At the time of confederation of the former British colonies of Canada (now Ontario and Quebec), New Brunswick and Nova Scotia, the radical Liberals were marginalized by the more pragmatic Conservative coalition assembled under Sir John A. Macdonald. In the 29 years after Canadian confederation, the Liberals were consigned to opposition, with the exception of one stint in government. Alexander Mackenzie was the de facto leader of the Official Opposition after Confederation and finally agreed to become the first official leader of the Liberal Party in 1873. He was able to lead the party to power for the first time in 1873, after the MacDonald government lost a vote of no confidence in the House of Commons due to the Pacific Scandal. Mackenzie subsequently won the 1874 election, and served as Prime Minister for an additional four years. During the five years the Liberal government brought in many reforms, which include the replacement of open voting by secret ballot, confining elections to one day and the creation of the Supreme Court of Canada, the Royal Military College of Canada, and the Office of the Auditor General.
Until the early part of the century, the Liberal Party was a loose, informal coalition of local, provincial and regional bodies with a strong national party leader and caucus (and when in power, the national cabinet) but with an informal and regionalized extra-parliamentary organizational structure. There was no national membership of the party, an individual became a member by joining a provincial Liberal party. Laurier called the party's first national convention in 1893 in order to unite Liberal supporters behind a programme and build the campaign that successfully brought the party to power in 1896; however, once in power, no efforts were made to create a formal national organization outside of parliament. As a result of the party's defeats in the 1911 and 1917 federal elections, Laurier attempted to organize the party on a national level by creating three bodies: the Central Liberal Information Office, the National Liberal Advisory Committee, and the National Liberal Organization Committee. However, the advisory committee became dominated by members of parliament and all three bodies were underfunded and competed with both local and provincial Liberal associations and the national caucus for authority. The party did organize the national party's second convention in 1919 to elect William Lyon Mackenzie King as Laurier's successor (Canada's first ever leadership convention), yet following the party's return to power in the 1921 federal election the nascent national party organizations were eclipsed by powerful ministers and local party organizations largely driven by patronage. As a result of both the party's defeat in the 1930 federal election, and the Beauharnois bribery scandal which highlighted the need for distance between the Liberal Party's political wing and campaign fundraising, a central coordinating organization, the National Liberal Federation, was created in 1932 with Vincent Massey as its first president. The new organization allowed individuals to directly join the national Liberal Party for the first time. With the Liberals return to power the national organization languished except for occasional national committee meetings, such as in 1943 when Mackenzie King called a meeting of the federation (consisting of the national caucus and up to seven voting delegates per province) to approve a new platform for the party in anticipation of the end of World War II and prepare for a post-war election.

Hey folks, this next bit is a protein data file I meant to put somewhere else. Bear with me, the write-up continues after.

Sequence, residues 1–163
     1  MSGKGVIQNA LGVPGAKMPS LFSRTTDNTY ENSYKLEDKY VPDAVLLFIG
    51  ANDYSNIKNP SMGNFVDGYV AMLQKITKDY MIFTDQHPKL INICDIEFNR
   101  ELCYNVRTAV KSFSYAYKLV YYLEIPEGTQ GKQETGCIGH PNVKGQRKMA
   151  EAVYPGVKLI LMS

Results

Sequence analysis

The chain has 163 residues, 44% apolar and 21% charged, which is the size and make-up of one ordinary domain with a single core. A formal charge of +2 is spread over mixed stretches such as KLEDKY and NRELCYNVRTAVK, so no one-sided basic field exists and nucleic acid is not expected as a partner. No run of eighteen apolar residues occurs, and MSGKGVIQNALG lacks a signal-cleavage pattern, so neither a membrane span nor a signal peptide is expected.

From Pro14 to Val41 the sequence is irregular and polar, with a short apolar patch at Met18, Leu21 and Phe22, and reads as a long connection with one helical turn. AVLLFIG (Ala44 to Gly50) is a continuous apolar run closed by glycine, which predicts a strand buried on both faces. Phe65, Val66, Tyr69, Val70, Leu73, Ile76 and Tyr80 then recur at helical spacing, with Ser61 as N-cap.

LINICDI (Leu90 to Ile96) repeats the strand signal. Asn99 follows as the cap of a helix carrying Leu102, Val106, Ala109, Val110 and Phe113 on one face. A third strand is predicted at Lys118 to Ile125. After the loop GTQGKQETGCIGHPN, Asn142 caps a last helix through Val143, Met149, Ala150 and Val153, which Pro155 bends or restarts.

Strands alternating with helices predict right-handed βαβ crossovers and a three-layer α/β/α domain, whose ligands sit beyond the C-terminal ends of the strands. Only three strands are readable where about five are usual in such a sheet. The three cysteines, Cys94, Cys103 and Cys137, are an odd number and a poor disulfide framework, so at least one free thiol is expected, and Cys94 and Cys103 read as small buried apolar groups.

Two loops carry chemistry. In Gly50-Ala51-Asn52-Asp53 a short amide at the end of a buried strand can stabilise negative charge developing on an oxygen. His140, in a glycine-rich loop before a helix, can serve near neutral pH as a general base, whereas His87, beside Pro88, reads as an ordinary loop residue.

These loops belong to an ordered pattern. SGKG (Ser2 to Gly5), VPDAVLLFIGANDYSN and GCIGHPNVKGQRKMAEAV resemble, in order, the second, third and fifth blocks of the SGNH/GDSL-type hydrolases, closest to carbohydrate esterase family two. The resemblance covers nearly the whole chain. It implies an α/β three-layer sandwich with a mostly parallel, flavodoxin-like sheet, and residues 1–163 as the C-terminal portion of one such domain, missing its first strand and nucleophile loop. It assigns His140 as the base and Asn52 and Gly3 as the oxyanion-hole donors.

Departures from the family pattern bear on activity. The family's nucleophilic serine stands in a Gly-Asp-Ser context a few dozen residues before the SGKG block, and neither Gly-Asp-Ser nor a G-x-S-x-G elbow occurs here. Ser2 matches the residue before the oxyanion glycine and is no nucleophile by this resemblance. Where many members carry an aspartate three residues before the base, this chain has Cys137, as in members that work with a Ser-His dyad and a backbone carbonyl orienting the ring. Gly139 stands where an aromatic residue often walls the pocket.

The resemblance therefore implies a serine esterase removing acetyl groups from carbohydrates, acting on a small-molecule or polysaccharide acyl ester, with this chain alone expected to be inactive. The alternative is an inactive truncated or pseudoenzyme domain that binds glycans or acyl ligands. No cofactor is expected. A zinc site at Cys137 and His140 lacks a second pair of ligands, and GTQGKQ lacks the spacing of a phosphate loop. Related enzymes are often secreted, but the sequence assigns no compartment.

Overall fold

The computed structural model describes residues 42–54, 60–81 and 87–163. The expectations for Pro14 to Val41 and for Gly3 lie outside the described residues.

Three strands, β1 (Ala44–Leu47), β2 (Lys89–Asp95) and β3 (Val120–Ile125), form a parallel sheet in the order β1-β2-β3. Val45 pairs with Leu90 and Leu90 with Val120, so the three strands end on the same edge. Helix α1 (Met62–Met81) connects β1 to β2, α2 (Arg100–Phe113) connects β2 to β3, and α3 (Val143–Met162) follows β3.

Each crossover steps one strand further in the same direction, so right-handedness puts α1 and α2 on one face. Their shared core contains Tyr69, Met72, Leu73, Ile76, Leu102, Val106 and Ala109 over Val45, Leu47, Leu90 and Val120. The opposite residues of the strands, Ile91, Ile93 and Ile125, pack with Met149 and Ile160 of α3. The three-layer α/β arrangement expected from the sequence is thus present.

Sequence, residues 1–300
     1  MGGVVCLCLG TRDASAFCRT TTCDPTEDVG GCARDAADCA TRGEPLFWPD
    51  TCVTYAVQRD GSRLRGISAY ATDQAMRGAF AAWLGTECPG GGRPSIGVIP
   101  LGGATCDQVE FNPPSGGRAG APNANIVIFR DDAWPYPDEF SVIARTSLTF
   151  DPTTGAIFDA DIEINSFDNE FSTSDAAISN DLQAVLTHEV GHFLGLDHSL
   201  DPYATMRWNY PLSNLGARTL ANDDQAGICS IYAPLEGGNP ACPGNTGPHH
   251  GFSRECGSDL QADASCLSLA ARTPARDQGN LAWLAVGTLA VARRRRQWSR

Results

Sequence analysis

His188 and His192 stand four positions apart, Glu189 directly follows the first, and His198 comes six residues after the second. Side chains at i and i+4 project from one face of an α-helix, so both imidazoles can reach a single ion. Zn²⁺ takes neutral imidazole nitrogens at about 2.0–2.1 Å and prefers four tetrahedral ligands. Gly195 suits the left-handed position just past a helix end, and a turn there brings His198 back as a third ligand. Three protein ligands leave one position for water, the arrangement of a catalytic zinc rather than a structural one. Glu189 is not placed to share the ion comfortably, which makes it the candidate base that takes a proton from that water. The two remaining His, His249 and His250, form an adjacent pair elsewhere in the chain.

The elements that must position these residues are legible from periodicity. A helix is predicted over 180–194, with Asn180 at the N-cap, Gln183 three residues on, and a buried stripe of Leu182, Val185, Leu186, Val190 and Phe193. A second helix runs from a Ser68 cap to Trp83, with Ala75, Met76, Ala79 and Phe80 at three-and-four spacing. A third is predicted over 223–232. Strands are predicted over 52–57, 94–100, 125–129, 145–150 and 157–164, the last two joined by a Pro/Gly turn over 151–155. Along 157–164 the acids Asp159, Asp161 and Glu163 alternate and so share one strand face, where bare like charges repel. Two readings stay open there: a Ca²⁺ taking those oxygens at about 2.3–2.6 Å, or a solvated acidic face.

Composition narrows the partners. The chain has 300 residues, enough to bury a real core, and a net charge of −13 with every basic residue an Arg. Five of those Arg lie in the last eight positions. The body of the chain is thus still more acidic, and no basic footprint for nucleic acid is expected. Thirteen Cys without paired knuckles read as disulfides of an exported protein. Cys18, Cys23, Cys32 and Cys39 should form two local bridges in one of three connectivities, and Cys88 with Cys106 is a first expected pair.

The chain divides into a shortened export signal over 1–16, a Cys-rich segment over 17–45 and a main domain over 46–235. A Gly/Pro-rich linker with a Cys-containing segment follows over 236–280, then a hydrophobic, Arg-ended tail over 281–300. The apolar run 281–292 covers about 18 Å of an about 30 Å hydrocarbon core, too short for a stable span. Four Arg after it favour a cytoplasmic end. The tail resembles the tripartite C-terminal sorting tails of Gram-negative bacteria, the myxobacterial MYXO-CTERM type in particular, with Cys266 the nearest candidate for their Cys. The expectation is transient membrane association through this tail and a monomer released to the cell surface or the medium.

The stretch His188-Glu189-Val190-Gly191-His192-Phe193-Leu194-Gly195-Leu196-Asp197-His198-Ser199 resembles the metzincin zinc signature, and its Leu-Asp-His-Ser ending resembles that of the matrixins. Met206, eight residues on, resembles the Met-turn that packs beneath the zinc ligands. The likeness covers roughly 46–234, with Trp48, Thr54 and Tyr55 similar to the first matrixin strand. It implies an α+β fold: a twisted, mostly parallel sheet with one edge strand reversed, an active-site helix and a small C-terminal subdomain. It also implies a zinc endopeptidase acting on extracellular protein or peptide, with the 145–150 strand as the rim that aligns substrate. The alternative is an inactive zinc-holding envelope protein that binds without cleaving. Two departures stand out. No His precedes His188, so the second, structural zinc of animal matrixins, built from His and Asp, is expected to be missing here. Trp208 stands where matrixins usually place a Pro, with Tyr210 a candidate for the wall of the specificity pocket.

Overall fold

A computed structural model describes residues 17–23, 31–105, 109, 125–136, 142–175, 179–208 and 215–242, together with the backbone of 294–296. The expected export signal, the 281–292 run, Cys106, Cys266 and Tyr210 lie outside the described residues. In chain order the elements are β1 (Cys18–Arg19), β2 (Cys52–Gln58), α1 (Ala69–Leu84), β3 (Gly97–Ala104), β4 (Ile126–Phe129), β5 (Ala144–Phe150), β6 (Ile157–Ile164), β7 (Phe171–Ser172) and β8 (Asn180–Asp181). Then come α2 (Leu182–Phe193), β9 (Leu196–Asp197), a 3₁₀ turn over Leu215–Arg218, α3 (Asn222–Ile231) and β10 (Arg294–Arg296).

Under Laurier, and his successor William Lyon Mackenzie King, the Liberals promoted Canadian sovereignty and greater independence within the British Commonwealth. In Imperial Conferences held throughout the 1920s, Canadian Liberal governments often took the lead in arguing that the United Kingdom and the dominions should have equal status, and against proposals for an 'imperial parliament' that would have subsumed Canadian independence. After the King–Byng Affair of 1926, the Liberals argued that the Governor General of Canada should no longer be appointed on the recommendation of the British government. The decisions of the Imperial Conferences were formalized in the Statute of Westminster, which was actually passed in 1931, the year after the Liberals lost power. The Liberals also promoted the idea of Canada being responsible for its own foreign and defence policy. Initially, it was Britain which determined external affairs for the dominion. In 1905, Laurier created the Department of External Affairs, and in 1909 he advised Governor General Earl Grey to appoint the first Secretary of State for External Affairs to Cabinet. It was also Laurier who first proposed the creation of a Canadian Navy in 1910. Mackenzie King recommended the appointment by Governor General Lord Byng of Vincent Massey as the first Canadian ambassador to Washington in 1926, marking the Liberal government's insistence on having direct relations with the United States, rather than having Britain act on Canada's behalf.